- It definitely helps to have a Cake Lifter or a pizza peel to transfer the soft, uncooked pizza to the baking tray. Failing that, a couple of fish slices can be used.
Storing leftover pizza
Unlike most gluten free pizzas, this particular recipe is still amazing eaten cold. Yep… you read that right! No rubbery or rock-hard frisbees here. No reheating or ‘refreshing’ necessary. Because THIS gluten free pizza stays soft and lightly doughy even when it’s been in the fridge. And that makes it the perfect addition to lunch boxes and picnics (or even for breakfast).
Simply wrap cooled leftovers in foil and store them in the fridge!
Ready to make gluten free Stuffed Crust Pizza?
I hope that was all helpful information and that I’ve tickled your taste buds enough to try making my gluten free Stuffed Crust Pizza at home. If there’s anything you don’t understand, just shout! You can leave a comment at the bottom, or message me on social media (Facebook, Instagram and Pinterest). Don’t forget to let me know how you get on… I love hearing from you guys!
For all my other yummy gluten free recipes, don’t forget to check out the categorised, photographed, Gluten Free Recipe Index. It’s my huge online free recipe ‘book’ packed with inspiration whatever the occasion!
All shared with my love
Gluten Free Stuffed Crust Pizza
- cake lifter or pizza steel or fish slices
- pizza cutter or sharp knife
- 6 g honey (or maple syrup or caster sugar)
- 4.5 g Active Dried yeast (full, just rounded teaspoon for x1 recipe)
- 145 g hand warm water – at 38 to 39 C (100.4 to 102.2 F) NOTE : If using Buckwheat flour instead of oat flour use 5 to 10g less water.
- ¾ tsp cider vinegar (or white wine vinegar or lemon juice)
- 6 g olive oil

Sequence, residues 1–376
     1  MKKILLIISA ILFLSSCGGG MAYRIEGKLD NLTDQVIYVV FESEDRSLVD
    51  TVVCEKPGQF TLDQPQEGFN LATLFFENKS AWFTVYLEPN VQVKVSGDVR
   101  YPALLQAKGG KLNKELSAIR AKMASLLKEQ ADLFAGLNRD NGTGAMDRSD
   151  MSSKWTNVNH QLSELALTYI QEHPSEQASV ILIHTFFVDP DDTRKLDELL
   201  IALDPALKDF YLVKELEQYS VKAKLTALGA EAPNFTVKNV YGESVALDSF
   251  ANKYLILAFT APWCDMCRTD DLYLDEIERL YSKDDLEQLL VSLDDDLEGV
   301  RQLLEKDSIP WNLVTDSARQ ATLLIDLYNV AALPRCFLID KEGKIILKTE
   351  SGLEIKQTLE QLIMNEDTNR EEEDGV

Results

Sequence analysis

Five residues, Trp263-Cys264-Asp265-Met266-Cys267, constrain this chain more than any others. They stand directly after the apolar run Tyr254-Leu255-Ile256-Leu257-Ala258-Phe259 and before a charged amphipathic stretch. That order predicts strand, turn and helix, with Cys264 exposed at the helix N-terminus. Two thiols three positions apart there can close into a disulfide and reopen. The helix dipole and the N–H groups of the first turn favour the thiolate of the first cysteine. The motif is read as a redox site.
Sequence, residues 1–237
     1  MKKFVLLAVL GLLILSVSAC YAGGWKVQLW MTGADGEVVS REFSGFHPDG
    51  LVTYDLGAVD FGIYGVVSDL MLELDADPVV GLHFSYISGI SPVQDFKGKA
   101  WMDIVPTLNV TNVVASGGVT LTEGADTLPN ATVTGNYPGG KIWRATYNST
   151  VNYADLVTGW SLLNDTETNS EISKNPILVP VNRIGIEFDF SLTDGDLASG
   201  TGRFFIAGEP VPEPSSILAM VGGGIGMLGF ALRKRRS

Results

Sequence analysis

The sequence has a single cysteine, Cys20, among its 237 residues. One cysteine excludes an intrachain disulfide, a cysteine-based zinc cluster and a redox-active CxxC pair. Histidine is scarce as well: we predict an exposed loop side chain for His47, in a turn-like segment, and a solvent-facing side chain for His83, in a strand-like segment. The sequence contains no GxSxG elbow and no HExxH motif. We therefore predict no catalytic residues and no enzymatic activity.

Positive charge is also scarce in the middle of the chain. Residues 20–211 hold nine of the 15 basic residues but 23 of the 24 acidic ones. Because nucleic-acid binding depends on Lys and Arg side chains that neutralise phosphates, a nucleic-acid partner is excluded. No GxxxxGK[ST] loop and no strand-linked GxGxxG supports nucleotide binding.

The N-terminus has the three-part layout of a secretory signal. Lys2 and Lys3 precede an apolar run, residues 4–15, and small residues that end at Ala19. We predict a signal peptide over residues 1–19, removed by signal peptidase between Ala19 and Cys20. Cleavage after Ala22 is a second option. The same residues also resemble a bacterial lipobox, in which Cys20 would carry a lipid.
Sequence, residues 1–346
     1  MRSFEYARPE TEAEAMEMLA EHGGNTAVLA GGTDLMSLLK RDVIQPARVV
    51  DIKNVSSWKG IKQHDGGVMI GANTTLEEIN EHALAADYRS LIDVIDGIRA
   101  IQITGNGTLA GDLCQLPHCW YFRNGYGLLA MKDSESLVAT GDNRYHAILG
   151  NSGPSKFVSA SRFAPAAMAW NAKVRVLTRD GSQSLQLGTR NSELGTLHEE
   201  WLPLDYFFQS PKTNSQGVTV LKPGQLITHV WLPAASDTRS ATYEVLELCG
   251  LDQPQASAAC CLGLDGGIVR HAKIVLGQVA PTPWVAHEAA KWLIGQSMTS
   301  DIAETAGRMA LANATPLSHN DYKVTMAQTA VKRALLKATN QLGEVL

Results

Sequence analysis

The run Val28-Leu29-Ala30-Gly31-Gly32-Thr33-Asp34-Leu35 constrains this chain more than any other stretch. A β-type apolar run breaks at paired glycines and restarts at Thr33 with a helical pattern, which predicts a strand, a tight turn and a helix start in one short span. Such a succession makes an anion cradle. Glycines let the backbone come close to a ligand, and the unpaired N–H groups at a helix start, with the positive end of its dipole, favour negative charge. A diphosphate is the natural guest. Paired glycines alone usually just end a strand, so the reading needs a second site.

- 60 g tapioca starch
- 40 g millet flour
- 30 g oat flour (or buckwheat flour) (or quinoa/sorghum/alternative protein flour if preferred)
- 8 g rough-ground psyllium husk (not fine powder)
- 4 g fine sea salt (SCANT half teaspoon for x1 recipe)
- 120 g block Mozzarella (cut into strips about 1 cm across and about 4 cm (1½ inches) long) OR 6 String Cheeses, cut into thirds length-wise (approx amounts)
Toppings – tomato sauce
- 3 tbsp tomato Passata (sieved tomatoes)
- 1 to 2 tbsp concentrated tomato puree (tomato paste)
- ½ tsp dried Italian herbs (or oregano + thyme + basil, etc)
Toppings – the rest
- 4 to 5 tbsp grated pizza mozzarella (the drier, grated variety)
- 2 tbsp cheddar cheese (optional)
- vegetables/toppings of choice (onion; mushroom; peppers; courgette; cherry tomato; olives; Buffalo Mozzarella; sliced Pepperoni, meats etc etc)
- ½ tsp dried Italian herbs (or herbs/spices of choice) – optional extra
- salt and pepper (to taste)
Stretching the Dough
- fine ground polenta; maize; brown rice or millet flour. to sprinkle (polenta gives an authentic feel)
- A little extra olive oil for hands and brushing the edges of the pizza dough
- In a large mixing bowl, weigh the yeast and honey (or maple syrup/sugar) with the hand-warm water.
- Gently whisk together with a fork to blend and dissolve the yeast, then set aside for 10 minutes or so in a warm place (or set over a bowl of steaming water), to activate and become frothy.
Mix the flour blend
- While the yeast is activating, weigh the dry ingredients (flours, psyllium husk and salt) into an airtight container (or separate bowl) and mix well until fully blended.
Making the dough
- Once the yeast is activated, add the vinegar and olive oil to the bowl and stir through to blend.
- Add the dry flour mix and using a firm wooden or silicone spoon, beat well and vigorously until smoothly blended (with no lumps). The mixture will initially look very liquid, but as you continue beating, it will start to thicken (some flour switches will cause quicker thickening than others).